Infrared Train Detector
Revised - 06-05-07

Please note - this article is a draft and is missing some photos & some sections are incomplete.


Reliably detecting a model train operating on an outdoor layout is problematic at best.  Over the last few years I have experimented with and written about a number of different ways to detect them.  I have finalized a new design for track-side sensors that works very well and would like to share my findings and this new detection system with you.

This new design is part of a crossing control system that I recently designed for an outdoor garden railway.  The new detection units that I came up with for this system are extremely weather resistant and come in two configurations, one for across-the-track detection and one for reflective detection.

Although the new sensors were originally designed as part of the system mentioned above I have put together a stand-alone circuit board that will connect to one or two of the sensors.  It is highly configurable and can be set to trigger a relay or throw a turnout based on a variety of conditions.  I think you may find it is just what you have been looking for to automate events on your railroad.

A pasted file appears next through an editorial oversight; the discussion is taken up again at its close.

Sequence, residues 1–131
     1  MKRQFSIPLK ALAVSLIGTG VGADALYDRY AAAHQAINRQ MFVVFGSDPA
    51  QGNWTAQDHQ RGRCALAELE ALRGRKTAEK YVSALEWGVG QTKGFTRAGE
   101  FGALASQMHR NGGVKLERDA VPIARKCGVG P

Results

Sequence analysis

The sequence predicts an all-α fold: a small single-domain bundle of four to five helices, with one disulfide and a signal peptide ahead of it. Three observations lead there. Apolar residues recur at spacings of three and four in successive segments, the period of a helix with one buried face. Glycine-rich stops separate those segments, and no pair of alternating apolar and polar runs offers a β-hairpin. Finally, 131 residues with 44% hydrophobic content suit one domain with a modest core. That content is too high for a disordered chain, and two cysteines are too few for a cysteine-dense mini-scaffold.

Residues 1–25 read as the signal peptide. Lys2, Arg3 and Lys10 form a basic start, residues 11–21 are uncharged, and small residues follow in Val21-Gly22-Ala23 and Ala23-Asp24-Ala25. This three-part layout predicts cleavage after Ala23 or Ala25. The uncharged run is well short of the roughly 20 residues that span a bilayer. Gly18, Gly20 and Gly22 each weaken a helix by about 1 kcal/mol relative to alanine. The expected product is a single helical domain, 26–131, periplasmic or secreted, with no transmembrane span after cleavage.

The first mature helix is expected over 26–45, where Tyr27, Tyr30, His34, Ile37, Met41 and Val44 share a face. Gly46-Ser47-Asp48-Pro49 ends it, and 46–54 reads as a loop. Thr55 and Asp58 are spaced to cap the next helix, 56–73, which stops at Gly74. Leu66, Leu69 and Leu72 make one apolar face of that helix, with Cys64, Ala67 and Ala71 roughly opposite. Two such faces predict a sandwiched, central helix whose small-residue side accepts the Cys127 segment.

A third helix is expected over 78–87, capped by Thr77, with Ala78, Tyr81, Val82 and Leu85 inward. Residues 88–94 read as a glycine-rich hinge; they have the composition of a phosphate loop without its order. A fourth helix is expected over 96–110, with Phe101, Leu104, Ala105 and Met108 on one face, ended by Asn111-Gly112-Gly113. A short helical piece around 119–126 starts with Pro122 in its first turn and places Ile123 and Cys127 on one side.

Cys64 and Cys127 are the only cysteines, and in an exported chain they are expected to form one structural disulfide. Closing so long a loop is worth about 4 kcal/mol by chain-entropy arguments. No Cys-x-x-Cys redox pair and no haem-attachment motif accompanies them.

Pulsed Infrared Sensors

In the final installment of a series of articles on Garden Railway Sensors (<REFERENCE>) I discussed the problems that we frequently run into with reliably detecting trains in an outdoor environment.  A number of options were discussed and the hands down winner was a detector that works by sending out and detecting an invisible beam of infrared light.  When an infrared detector finds that the beam has either been broken, in the case of an across-the-track sensor, or reflected back, with the reflective design, it triggers an event.  This can be anything from activating a crossing signal to  throwing a switch.

In order to utilize infrared light in an outdoor environment specialized infrared emitters and detectors must be used.  They only generate and react to IR that is pulsed on and off at a rate, 38,000 times each second, that is normally not found in nature.  Infrared light is very common in any sunny area but the sun's IR and IR from most other sources is not pulsed on and off rapidly.  Using pulsed IR helps to eliminate false triggering of the infrared detector unit.  You may recall that this same type of pulsed IR is used by almost every TV remote control that has been build for the last 30 years.